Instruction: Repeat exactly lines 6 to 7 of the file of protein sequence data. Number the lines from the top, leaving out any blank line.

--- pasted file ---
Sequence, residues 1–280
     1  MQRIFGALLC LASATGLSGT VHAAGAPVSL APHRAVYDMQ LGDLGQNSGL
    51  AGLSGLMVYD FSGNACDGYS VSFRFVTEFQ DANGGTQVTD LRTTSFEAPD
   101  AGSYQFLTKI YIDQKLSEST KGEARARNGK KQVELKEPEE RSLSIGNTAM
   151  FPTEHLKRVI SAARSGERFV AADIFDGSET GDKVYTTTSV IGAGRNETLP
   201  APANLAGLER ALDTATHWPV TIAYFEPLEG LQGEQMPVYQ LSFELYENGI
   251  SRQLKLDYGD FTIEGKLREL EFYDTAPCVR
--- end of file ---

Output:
   201  APANLAGLER ALDTATHWPV TIAYFEPLEG LQGEQMPVYQ LSFELYENGI
   251  SRQLKLDYGD FTIEGKLREL EFYDTAPCVR